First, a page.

Tissot PRX Powermatic 80 (Mechanical)

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TISSOT Powermatic 80 on wrist
Photo courtesy monochromewatches.com (click on image for link)

The new automatic Tissot PRX Powermatic 80 is a bargain. At a hair under $800, the Swatch Group’s 40mm entry into the Gerald Genta-inspired luxury steel sports watch genre has everything you’d want in a mechanical watch: 100m water-resistance, sapphire crystals front and back, an upgraded ETA 2824-2 movement (including an anti-magnetic Nivachron hairspring) and an 80-hour power reserve. There’s only one problem. Well, two . . .

First, the design is unremittingly dull. There is nothing interesting, exciting or dynamic about the Tissot PRX Powermatic 80. It looks like what it is: a dumbed-down distillation of every other Genta-inspired luxury steel sports watch ever made.

While most if not all upmarket manufacturers sell a slew of models conforming to the Audemars Piguet-birthed aesthetic (e.g., the Chopard Alpine Eagle, Bell & Ross BR-05 and Girard Perregaux Laureato), they all bring something new to the game.

Tissot Powermatic 40 bezel

At the very least, they play around with the bezel. Oh wait! Tissot does too! (Quartz Powermatic 40 shown above and below.)

Thin, curved and carefully polished, the PRX 40 205’s bezel defines its design as much as the case and bracelet do. It creates a salient, perfect circle at the heart of a watch that’s really oval.

Oval? Who knew? Who cares?

Tissot PRX vs. original

Tissot calls the PRX a “throwback to a flagship design from 1978.” Audemars Piguet unleashed the Royal Oak in 1970. Patek Philippe’s Nautilus hit the streets in 1976. Which makes the Tissot PRX Powermatic 80 a throwback to a Tissot watch that was a downmarket homage from the start.

Clock the comparo above (new left, old right). The only thing that’s really changed in the intervening 43 years: the logo, dial colors and textures, and the technical advancements within. That and the market’s hunger for steel sports watches with an integrated bracelet.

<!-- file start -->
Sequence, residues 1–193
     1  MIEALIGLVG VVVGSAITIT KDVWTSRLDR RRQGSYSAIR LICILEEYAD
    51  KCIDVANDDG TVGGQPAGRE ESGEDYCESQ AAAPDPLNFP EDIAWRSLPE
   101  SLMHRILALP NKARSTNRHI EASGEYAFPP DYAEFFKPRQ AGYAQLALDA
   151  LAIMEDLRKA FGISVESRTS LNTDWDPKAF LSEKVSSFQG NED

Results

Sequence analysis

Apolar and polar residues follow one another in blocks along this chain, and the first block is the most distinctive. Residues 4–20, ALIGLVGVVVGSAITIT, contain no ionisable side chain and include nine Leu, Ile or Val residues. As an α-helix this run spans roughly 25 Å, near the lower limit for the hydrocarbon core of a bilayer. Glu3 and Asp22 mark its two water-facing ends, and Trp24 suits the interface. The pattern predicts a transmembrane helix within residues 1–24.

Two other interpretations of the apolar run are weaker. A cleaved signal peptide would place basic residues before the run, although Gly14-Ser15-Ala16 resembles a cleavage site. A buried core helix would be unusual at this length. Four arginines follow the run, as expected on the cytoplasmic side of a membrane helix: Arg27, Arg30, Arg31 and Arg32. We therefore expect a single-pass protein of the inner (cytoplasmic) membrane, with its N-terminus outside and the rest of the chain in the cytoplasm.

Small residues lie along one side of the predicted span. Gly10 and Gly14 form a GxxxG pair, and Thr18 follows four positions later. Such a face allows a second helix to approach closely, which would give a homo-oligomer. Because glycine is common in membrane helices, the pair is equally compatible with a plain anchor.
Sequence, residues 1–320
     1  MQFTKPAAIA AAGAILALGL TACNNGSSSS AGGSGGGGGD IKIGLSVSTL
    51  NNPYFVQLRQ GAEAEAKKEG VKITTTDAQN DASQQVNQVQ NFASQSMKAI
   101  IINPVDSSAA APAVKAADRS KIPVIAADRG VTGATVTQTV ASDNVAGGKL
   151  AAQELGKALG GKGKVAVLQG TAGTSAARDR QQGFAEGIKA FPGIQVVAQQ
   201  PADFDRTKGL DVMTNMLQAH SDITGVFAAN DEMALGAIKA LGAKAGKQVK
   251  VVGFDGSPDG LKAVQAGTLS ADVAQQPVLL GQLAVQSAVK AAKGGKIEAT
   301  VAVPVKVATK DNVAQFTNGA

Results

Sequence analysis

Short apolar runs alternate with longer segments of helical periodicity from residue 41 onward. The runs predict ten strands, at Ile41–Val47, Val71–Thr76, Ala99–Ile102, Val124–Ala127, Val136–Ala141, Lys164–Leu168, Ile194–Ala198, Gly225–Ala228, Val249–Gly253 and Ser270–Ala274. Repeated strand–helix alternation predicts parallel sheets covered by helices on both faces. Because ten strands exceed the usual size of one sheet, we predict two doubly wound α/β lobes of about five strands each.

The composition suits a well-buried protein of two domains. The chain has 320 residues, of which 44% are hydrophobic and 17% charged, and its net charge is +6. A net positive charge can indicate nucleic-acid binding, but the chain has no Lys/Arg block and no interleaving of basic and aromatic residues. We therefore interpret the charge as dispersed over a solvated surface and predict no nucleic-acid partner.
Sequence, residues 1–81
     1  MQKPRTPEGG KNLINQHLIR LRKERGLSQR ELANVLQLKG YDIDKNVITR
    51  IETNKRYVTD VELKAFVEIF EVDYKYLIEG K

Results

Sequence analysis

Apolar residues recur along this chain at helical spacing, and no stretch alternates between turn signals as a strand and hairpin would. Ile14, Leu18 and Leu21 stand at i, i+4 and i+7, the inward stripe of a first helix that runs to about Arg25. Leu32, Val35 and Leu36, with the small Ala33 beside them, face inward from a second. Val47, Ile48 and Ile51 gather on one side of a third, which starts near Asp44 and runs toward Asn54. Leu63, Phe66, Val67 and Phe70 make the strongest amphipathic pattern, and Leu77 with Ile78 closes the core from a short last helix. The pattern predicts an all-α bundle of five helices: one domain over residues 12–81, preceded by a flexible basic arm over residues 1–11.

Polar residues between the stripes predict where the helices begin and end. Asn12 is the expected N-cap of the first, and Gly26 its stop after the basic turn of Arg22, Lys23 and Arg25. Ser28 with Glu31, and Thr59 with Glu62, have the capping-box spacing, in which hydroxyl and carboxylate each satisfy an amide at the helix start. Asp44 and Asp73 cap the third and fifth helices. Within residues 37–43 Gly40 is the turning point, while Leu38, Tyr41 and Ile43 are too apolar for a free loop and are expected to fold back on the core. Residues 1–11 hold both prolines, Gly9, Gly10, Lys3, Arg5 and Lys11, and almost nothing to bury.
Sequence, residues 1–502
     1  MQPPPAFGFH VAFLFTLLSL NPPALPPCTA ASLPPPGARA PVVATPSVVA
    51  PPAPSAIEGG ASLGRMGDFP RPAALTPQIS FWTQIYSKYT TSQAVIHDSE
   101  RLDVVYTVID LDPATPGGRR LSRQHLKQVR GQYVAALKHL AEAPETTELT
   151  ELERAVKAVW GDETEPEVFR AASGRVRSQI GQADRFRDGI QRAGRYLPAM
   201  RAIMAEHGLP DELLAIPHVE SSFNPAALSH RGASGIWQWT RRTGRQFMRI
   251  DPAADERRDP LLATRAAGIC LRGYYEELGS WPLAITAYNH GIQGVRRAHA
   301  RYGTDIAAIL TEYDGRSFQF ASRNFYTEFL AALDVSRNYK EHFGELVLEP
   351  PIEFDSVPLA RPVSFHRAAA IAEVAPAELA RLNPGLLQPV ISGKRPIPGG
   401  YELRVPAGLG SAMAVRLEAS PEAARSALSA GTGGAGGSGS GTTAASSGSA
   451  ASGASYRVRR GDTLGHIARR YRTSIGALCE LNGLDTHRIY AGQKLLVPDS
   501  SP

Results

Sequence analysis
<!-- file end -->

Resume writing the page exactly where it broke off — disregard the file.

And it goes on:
Tissot PRX Powermatic 80 dial
Photo courtesy monochromewatches.com (click on image for link)

To be fair, the mechanical Tissot PRX Powermatic 80 has a waffle textured dial. The $375 quartz versions do not (the silver gray model adds railroad track minute indices).

Regular readers know I have an aversion to cheap steel bracelets. I don’t know how the Tissot PRX’s satin (outside) and polished (inside) bracelet feels, but the price point doesn’t fill me with hope.

OMEGA Aqua Terra AMG

As the proud owner of Rolex, OMEGA and Vacheron luxury steel watches, as someone who’s tried on the aforementioned Genta-a-like trio, I can assure you that the weight, construction and feel of the steel bracelet accounts for a large part of the integrated bracelet genre’s appeal.

Let’s admit it: so does branding. Which brings us to the second problem: Tissot.

Tissot HQ

Don’t get me wrong. Tissot’s as Swiss as you wanna be. Its history dates back to 1853. In 1903, OMEGA bought Tissot. From that point on, the brand was restricted to mass market, little brother status.

Nothing wrong with that. Except that 118 years after joining OMEGA, the Tissot brand doesn’t carry much weight in the watch collector world (TTAW reader texastimex aside). In fact, I reckon Tissot is the Timex of Swiss watches.

TISSOT LE LOCLE POWERMATIC 80